For a small business to be successful, it must be highly organized in every facet of operations. That includes having an organized filing system so that any files and folders you need can be accessed quickly. To help you on your way, here are five file organization tips every small business should follow.
There are three primary ways of structuring your file system. You can group files by project, by client, or by date. You can also use a combination of all three methods. For instance, if you group files by project types in one folder, you can further group those files into specific clients. Or you could create a main folder for invoices that contains other folders that are named as dates, such as “2019,” “2020,” and “2021.” When it comes to folders under the client heading, you can include folders within the main folder that are named things like “correspondence,” and “customer data.” You also need to ensure every file you have is contained in a folder, rather than having some orphan files left over. Choose the folder method that best suits your small business workflow, and make sure you stick to that method.
Things can get complicated if you use a variety of file formats. For example, if you have some files saved as Word documents and others saved as PDFs, it can make it difficult for colleagues to open and edit the specific files. While PDF is the ideal format for files with the formatting you want to maintain, Word files can be edited more easily. But you could save some file types as PDFs and others in formats like Word, so that your invoices are in PDF, for instance, and your client files are in Word. The key thing is to remain consistent. Thankfully, whatever file format you choose, it is easy to convert any files you have that are not currently in your desired format. You can convert and edit PDF with word easily by using a free online conversion tool.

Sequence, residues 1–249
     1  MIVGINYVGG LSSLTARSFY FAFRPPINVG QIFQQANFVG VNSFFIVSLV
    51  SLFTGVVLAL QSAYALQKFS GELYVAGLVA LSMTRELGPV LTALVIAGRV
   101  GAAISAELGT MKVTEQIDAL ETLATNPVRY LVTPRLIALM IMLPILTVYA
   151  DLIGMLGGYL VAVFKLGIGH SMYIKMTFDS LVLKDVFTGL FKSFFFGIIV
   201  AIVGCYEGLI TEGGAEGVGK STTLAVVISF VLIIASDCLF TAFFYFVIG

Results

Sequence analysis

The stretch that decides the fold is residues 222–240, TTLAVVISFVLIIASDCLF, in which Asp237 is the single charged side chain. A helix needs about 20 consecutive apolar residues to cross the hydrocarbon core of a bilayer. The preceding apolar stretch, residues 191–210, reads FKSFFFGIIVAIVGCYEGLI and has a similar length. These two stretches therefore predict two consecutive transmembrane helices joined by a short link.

When it comes to naming your files, use simple and plain language. If you name a file something like “RJT,” you may not remember what the abbreviation stands for when you come to access the file later on. If you have colleagues using your files as well, they need to know precisely what each file contains. Opening a bunch of files with names you do not recognize can take up a lot of time and energy, so ensure you name each file appropriately, such as using a client name or project name. It is also helpful to include dates in the file names as well. The specific naming is up to you, but your goal should be to name files so you know exactly what each one contains just by looking at the name.
Do not be hasty when naming files, thinking you can group them together and name them correctly, later on, otherwise you will end up wasting a lot of time and getting stressed when it comes to locating the files you need. You should name a file correctly as soon as you create it. Get into the habit of saving your files under the right name and in the right folder from the get-go.
Finally, you should always back up your files. Losing important data can cause a mountain of headaches for small business owners, so it is vital you set up and follow a regular routine for backing up your files, either with a hard drive or in the cloud.
John Pearson is a serial entrepreneur and writer who is passionate about helping small businesses launch and grow. His work has been featured in Huffington Post, Entrepreneur, and Forbes.